Introducing Guest Blogger Mary Anne Franks

I am delighted to introduce Mary Anne Franks, who has been doing exciting work in a wide array of areas.  Professor Franks is an Associate Professor at the University of Miami School of Law, where she teaches criminal law and criminal procedure.  Her research focuses on prejudice and discrimination, and draws on her background in philosophy and psychoanalytic theory.  Among her current projects are From Coverture to Conspiracy and Back Again: Women, Coercion, and Crime, exploring how the law has changed, but not necessarily evolved, in its treatment of women’s criminality, and How to Feel Like a Woman, Or Why Incarceration is a Drag, on femininity as punishment.  Professor Franks’s other recent work examines the causes and the consequences of online harassment: Unwilling Avatars: Idealism and Discrimination in Cyberspace, forthcoming in the Columbia Journal of Gender and Law; The Banality of Cyber Discrimination (The Eternal Recurrence of September), in 87 DU Process 5 (2010); and Sexual Harassment 2.0, now in its final draft stage.  All of these works can be found here.

Before joining the UM faculty in 2010, Professor Franks was a Bigelow Fellow and Lecturer in Law at the University of Chicago Law School. She received her J.D. from Harvard Law School in 2007, her D.Phil from Oxford University in 2004, and her M.Phil in 2001, also from Oxford. Between graduate school and the Bigelow Fellowship, Professor Franks taught courses in social theory, literature, and philosophy at Harvard University and other institutions, and served as a Senior Consultant for a negotiation firm.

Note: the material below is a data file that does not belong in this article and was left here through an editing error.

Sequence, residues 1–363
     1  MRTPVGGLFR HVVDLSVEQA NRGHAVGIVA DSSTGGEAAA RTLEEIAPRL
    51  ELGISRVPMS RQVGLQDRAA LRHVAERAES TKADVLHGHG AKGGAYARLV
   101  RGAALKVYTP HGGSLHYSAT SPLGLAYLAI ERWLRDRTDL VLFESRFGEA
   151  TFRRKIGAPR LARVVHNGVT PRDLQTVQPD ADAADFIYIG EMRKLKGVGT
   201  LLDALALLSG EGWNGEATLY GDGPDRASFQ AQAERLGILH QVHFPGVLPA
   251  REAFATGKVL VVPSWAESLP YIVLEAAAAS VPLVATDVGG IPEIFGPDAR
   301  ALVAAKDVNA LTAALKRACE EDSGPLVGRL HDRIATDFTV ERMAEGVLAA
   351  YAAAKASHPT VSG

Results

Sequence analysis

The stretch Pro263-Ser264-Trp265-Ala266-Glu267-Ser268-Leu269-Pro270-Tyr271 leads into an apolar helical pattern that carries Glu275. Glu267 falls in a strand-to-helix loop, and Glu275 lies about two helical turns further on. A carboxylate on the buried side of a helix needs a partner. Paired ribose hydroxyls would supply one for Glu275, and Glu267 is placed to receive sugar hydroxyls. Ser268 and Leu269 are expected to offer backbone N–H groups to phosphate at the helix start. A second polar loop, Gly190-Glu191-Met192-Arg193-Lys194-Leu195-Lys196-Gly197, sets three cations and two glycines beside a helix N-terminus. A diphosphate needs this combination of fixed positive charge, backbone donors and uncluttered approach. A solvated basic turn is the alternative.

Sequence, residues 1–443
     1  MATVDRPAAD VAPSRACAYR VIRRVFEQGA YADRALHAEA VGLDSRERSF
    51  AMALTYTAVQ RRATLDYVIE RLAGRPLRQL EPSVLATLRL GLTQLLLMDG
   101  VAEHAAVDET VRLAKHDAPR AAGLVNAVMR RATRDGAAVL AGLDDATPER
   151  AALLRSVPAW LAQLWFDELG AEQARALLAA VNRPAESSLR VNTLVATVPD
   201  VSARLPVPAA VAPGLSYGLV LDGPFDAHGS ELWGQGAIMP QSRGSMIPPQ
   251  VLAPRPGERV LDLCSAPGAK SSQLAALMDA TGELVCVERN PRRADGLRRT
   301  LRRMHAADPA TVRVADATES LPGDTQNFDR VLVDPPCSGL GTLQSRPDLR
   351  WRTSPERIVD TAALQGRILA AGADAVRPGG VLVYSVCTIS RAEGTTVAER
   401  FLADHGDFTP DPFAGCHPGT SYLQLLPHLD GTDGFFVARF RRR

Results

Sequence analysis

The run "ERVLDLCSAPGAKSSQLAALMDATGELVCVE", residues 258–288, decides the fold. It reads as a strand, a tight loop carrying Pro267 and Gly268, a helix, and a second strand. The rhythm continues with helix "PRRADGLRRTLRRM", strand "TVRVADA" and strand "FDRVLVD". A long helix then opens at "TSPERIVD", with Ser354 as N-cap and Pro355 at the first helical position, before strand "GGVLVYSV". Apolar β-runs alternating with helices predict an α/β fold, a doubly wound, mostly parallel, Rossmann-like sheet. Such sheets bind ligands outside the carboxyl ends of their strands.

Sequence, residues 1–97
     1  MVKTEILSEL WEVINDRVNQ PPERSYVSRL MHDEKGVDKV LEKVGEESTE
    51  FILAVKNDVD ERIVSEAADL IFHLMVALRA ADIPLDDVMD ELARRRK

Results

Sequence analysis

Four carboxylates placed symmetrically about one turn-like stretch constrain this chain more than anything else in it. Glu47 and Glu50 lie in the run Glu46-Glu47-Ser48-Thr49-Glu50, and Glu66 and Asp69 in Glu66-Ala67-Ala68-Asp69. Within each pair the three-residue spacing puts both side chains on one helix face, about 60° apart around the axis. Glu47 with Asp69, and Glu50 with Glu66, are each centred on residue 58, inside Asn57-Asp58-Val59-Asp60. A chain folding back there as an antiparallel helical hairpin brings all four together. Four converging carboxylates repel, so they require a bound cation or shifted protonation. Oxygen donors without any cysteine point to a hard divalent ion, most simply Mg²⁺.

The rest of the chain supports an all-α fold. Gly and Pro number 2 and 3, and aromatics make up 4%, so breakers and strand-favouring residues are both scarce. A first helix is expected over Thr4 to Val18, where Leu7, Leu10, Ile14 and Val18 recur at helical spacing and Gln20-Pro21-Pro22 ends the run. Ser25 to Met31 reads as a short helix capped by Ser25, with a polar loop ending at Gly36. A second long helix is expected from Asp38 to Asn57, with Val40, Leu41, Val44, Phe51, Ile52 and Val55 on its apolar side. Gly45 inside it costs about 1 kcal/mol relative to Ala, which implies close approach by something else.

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2 Responses

  1. A “background in philosophy and psychoanalytic theory” is unusual (at least among law profs) and refreshingly so (and the two are often complementary, as in the works of Jonathan Lear, Sebastian Gardner, Ilham Dilman, Richard Wollheim, Alfred Tauber, Marcia Cavell…).

  2. wow says:

    There was a thread on Prawfs a couple years ago about how the Southern Florida schools always seem to hire the most beautiful people . . . that seems very true here (with plenty of brains, too, apparently).